Sometime in September, I remember sitting on my front stoep with a cup of tea (and no camera) and was treated to the sight of our resident pair of African Goshawks chasing each other through the blue gums before settling quickly into their mating position. ‘Ah,’ I thought, ‘babies on the way soon.
Later that month, again looking out of my kitchen window, one of the goshawks flew into a tree with a large stick in its beak. We observed this stick-collecting many times over the following few weeks, by both of the adult birds. We saw their nest, high in a fork of a tree, deep in the foliage, slowly get bigger. Then, nothing. Both birds seemed to disappear and we didn’t see any further nest-building. It seemed that they had totally abandoned the nest, and after so much time and effort had been put into building it too.
Then on 1 October, we spotted what we now know was the adult female goshawk sitting on the nest. We hadn’t seen any movement at all prior to this sighting. The nest was in a blue gum tree some 100 metres from our kitchen window, and the best view we could get of the nest was through the window, using a tripod to hold the camera still. We had to wait until each time the wind blew the foliage away to get a glimpse of what was going on in the nest, it was so well hidden. We watched through a pair of binoculars placed on the kitchen worktop every time we passed by, but it wasn’t until 10 October that we spotted a couple of tiny white headed chicks.
Female on nest
Three chicks on nest
Mom busy feeding
The adult male goshawk would come regularly to the nest with food, emerging at speed from the thicket and swooping low before climbing steeply up to the nest. He deposited the food in seconds, and then left. Not once did we see him stop and interact with the female or the chicks. Sometimes, he would then go and sit in the adjacent tree, some five meters from the nest site and take a break, totally ignoring them.
Mum could be seen early on ripping up the food and feeding the chicks, only eating something herself when they were full. This process carried on until on 21 October when, excitement, we spotted a third white head. Triplets! With three mouths to feed, the male wasn’t able to bring food fast enough for the female’s liking, so she would leave the nest, never for more than thirty minutes, returning with more food. The chicks were growing so fast that mum was allowing them to rip up the food themselves, as well as also feeding them herself.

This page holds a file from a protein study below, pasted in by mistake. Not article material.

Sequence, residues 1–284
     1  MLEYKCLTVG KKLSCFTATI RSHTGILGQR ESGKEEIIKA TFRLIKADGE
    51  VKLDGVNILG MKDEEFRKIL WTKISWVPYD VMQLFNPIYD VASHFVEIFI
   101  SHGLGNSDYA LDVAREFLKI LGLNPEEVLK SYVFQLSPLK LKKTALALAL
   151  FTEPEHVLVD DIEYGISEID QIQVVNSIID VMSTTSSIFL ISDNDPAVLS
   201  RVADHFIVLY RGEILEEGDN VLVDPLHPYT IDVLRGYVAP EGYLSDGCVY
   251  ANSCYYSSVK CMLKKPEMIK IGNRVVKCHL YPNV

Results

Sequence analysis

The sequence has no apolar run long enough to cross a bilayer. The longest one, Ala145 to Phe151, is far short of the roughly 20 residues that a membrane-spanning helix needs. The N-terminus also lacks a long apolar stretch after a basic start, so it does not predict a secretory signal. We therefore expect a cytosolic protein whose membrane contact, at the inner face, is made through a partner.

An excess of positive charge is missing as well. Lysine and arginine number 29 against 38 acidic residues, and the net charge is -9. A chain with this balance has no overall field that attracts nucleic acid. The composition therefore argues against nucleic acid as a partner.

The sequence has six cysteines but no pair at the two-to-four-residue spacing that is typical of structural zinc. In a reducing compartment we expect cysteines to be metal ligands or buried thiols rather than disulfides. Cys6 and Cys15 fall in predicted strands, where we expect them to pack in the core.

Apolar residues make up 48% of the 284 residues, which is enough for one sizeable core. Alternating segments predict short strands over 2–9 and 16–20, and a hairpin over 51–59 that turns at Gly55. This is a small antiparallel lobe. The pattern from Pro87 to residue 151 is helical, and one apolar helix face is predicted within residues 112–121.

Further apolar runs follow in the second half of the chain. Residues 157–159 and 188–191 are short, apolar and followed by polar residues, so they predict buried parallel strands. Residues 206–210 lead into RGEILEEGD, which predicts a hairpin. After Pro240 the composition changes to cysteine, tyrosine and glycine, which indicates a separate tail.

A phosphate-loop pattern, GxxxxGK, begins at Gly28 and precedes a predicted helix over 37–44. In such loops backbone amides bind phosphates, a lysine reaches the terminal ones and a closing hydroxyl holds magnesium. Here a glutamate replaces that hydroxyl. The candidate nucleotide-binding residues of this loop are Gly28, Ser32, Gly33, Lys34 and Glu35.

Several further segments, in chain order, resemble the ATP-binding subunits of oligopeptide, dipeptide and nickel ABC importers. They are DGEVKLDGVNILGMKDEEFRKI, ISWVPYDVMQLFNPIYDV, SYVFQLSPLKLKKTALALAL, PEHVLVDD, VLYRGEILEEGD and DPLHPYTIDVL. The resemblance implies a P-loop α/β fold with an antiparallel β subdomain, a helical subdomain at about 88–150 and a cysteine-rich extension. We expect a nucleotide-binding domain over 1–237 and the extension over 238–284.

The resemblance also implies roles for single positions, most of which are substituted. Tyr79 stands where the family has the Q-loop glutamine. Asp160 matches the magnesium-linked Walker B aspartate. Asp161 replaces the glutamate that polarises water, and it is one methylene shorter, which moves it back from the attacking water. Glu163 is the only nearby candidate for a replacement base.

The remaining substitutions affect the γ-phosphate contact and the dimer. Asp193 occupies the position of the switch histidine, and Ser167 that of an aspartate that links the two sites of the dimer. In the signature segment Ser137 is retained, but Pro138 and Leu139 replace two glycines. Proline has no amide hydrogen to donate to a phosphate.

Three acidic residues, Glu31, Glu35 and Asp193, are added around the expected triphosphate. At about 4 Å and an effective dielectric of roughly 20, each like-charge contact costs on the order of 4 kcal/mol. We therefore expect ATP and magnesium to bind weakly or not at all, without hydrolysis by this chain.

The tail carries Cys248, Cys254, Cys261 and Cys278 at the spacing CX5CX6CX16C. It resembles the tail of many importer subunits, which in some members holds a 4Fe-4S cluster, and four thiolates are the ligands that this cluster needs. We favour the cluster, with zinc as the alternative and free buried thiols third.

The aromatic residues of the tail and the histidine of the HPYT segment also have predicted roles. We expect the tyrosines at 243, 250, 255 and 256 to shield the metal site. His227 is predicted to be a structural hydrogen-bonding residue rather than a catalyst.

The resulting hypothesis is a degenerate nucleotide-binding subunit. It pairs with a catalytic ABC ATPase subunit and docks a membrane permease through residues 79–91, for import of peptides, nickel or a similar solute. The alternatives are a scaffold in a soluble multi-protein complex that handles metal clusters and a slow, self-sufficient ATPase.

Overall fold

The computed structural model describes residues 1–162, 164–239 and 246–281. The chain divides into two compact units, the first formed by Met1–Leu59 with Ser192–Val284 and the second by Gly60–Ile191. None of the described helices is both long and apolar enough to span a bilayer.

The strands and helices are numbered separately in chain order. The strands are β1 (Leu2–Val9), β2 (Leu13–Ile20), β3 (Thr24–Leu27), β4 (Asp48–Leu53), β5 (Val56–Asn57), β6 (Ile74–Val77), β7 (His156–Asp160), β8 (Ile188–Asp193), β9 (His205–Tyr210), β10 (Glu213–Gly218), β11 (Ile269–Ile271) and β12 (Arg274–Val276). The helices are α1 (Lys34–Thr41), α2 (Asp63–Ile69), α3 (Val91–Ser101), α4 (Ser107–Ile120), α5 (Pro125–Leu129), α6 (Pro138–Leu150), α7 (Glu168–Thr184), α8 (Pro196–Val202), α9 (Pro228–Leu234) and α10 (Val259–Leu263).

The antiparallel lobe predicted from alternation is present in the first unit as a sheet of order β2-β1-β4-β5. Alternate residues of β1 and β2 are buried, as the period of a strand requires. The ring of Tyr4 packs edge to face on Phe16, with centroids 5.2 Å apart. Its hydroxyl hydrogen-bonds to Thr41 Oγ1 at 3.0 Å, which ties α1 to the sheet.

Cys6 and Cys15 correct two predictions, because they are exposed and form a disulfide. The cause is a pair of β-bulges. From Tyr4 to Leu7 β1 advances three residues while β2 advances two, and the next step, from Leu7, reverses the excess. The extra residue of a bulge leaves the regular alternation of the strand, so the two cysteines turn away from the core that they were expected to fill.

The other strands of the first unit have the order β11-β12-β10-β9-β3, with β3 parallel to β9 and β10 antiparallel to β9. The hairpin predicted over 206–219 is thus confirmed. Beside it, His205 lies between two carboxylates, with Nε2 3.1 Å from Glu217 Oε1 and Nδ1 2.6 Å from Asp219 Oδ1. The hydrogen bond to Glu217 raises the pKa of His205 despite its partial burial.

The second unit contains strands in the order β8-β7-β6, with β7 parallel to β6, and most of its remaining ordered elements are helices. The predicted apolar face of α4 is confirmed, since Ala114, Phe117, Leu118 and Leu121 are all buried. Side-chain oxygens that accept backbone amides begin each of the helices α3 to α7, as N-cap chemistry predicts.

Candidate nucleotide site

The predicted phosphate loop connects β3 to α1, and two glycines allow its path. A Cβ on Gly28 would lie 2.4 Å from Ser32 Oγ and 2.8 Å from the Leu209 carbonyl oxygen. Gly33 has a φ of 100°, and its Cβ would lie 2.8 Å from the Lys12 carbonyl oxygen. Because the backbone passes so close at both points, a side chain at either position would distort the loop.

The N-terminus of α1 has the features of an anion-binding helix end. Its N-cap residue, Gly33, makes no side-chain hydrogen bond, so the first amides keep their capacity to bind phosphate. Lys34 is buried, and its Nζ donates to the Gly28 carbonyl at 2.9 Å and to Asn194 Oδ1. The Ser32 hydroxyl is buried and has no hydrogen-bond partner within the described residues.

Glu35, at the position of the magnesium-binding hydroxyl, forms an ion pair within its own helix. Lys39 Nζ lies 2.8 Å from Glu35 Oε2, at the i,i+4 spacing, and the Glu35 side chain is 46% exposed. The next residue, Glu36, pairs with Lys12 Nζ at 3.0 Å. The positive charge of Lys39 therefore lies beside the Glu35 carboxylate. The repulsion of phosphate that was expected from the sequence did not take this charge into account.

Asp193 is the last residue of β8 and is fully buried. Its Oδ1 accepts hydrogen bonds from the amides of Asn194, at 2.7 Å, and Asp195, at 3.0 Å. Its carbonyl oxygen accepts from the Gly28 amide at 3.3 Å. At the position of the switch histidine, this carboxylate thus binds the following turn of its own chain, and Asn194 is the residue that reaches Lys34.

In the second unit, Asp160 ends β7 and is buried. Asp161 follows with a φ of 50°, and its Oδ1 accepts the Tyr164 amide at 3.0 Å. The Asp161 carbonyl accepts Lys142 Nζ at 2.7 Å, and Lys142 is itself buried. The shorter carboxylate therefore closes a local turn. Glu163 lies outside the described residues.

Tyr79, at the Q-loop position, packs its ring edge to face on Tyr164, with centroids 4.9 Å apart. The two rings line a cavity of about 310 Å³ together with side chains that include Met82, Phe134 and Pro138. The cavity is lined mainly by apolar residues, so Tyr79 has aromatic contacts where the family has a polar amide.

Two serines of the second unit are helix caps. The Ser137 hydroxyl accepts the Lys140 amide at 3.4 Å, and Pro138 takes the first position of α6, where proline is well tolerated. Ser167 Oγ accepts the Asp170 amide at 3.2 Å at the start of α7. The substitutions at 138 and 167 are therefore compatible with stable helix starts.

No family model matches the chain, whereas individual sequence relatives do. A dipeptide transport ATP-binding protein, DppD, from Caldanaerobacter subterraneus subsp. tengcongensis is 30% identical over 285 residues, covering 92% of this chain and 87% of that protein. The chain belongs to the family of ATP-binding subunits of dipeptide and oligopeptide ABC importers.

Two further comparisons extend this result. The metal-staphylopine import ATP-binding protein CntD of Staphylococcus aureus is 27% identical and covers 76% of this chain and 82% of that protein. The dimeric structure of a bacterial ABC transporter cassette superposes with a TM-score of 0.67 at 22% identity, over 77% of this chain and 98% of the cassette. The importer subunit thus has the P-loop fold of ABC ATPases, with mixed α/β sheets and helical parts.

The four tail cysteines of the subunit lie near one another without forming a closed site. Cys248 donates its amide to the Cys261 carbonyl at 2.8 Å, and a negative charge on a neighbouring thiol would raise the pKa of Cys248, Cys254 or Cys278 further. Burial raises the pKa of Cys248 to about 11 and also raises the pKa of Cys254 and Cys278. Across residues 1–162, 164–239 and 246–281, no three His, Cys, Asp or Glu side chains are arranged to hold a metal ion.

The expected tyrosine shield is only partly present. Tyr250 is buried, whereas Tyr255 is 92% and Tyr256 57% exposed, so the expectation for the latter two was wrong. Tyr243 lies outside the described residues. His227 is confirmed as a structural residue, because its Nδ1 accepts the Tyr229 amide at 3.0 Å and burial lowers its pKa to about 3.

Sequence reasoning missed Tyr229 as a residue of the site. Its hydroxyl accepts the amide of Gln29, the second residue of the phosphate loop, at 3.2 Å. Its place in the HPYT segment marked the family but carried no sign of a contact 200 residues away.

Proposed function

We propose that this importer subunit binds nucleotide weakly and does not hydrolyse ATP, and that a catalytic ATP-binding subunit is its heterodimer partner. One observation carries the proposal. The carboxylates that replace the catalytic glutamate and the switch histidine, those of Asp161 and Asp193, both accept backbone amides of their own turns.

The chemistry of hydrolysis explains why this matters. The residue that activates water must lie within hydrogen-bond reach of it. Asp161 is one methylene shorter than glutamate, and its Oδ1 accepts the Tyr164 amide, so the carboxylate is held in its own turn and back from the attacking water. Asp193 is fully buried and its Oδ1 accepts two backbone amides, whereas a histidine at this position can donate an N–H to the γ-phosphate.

We watched on a daily, if not hourly, basis as the chicks started to change into their brownish colouration, and started to flap and move around the nest. On several occasions, we observed the chicks and mum go to the edge of the nest, turn around, and defecate over the side; obviously, a very houseproud family!
Plumage changing ....
towards darker colours
Now, with both parents hunting and bringing food to the nest, the chicks continued to gain weight rapidly, and around the end of October, the two older chicks were seen to leave the nest and stand on the thick branches that supported it. By now, these babies were very close to fledging, and a few days later, they could be seen venturing out along the branches where they would sit for hours, watching, with the occasional wing flap and jump up and down. The two older chicks could now only be seen clambering through the foliage back to the nest to eat food that had been brought in by the parents. The younger chick was still growing rapidly, and hadn’t left the nest yet as it was still being fed by the female.
First time off the nest
On the 7 November, we spotted both parents sitting in different trees but close to the nest. We took this as a sign of encouragement to the babies to make that first flight. Unfortunately, we never saw that first flight. They just weren’t there one day. It was late in the afternoon, however, when one of the older babies turned up and headed to the nest for food. The youngest chick remained around the nest for a few more days, and then we did see him fly a few meters upwards from a lower branch back to the nest. But then he was gone too!
Male African Goshawk
Female African Goshawk
All we have to look at now is an empty nest. There is the feeling of loss, as we had become very attached to our babies.
For the more technical-minded bird photographers amongst us, I took over 3000 images over a 42 day period and ended up with 34 useable shots, such was the difficulty of trying to focus deep into the moving foliage from my kitchen window in all weathers.